Picture retrieved 17th December, 2011, from


by Ying Yu Lin (Linda)


Discrimination of Burakumin


There are various people who are discriminated in the world. Burakumin has been also discriminated since about 300 years ago in Japan. Just because they are Burakumin, they are varied discriminated. For example, they could`t marry by the partner`s relatives opposing because they ware Burakumin. One company had a list of Burakumin and they ware discriminated when they send a curriculum vitae. The other example is that the infrastructure did not equipped in only their living area.

Then why are they discriminated? The origin goes back to Edo period. Edo Bakufu, the government of that era, made a lowest class of citizens to turn away the citizen troubled by the heavy tax. Edo Bakuhu ordered people who get job which nobody wants to get, the leather industry, slaughterhouse, to live in definite area and fix their social standing. In Meiji period, Meiji government declare liberation of Burakumin  but the discrimination has been continuing.

Although today it is said that the existence of discriminating consciousness is fading out for migration of people or residences, the consciousness of discriminating are not improved but simply the consciousness of avoiding go underwater. And an alliance of Burakumin liberation which is the organization of Burakumin for canceling discrimination prevent solving discrimination in a true meaning because people think it troublesome and fearful for the power of the organization. The other opinion is that continuing a special law for Burakumin generates new prejudice.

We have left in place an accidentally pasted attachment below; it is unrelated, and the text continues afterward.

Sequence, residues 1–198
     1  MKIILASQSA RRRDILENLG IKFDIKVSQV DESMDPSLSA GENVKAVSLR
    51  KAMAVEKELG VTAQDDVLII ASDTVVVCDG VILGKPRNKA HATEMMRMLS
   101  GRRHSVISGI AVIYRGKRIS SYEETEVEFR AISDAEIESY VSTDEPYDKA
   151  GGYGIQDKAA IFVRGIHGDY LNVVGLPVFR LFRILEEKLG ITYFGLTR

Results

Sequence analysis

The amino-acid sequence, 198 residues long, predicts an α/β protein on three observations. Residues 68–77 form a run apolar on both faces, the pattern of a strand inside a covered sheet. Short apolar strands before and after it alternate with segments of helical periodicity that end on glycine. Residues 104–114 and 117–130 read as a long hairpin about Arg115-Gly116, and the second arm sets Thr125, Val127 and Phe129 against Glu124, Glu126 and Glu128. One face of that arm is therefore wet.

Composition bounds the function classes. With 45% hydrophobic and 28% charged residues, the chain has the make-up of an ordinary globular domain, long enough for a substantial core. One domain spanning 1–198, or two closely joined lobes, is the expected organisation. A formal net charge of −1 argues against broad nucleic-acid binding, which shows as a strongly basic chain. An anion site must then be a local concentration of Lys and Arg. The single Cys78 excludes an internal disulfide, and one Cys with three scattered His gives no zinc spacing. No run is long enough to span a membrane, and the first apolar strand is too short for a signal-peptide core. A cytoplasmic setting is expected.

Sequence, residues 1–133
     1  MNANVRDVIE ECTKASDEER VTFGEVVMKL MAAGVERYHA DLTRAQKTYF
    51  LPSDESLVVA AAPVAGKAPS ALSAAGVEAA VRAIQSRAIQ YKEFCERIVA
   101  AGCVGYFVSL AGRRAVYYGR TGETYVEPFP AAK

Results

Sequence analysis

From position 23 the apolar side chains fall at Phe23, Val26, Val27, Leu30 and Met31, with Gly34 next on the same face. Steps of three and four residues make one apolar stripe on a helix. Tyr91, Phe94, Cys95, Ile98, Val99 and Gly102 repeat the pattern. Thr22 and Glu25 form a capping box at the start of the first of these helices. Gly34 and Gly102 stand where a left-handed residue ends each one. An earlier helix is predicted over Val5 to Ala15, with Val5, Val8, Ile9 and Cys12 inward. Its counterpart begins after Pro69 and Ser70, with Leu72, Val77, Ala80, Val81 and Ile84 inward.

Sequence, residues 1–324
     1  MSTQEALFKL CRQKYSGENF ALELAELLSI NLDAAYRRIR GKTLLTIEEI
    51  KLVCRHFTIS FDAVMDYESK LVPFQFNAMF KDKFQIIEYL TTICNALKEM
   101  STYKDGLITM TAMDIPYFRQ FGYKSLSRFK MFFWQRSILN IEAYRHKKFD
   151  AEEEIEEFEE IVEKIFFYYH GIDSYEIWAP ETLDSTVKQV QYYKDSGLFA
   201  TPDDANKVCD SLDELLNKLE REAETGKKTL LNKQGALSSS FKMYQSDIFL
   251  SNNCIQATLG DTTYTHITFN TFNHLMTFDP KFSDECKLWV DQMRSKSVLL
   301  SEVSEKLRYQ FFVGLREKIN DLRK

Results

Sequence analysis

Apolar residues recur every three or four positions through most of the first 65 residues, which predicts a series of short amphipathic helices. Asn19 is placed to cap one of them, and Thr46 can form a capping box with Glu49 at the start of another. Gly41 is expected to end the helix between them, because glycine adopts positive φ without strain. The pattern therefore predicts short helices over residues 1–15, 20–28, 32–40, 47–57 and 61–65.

How can we solve the problems? I think there are two ways.The one is that educators should not emphasize on Burakumin too much in elementary school. Excessive emphasis plants the consciousness of distinction for children conversely. It connects discrimination. The other is knowing. I think that discrimination comes from ignorant. So we do not avert our eyes from the problem of discrimination, but we try to get to know more deeply.


by Shinji Nisiura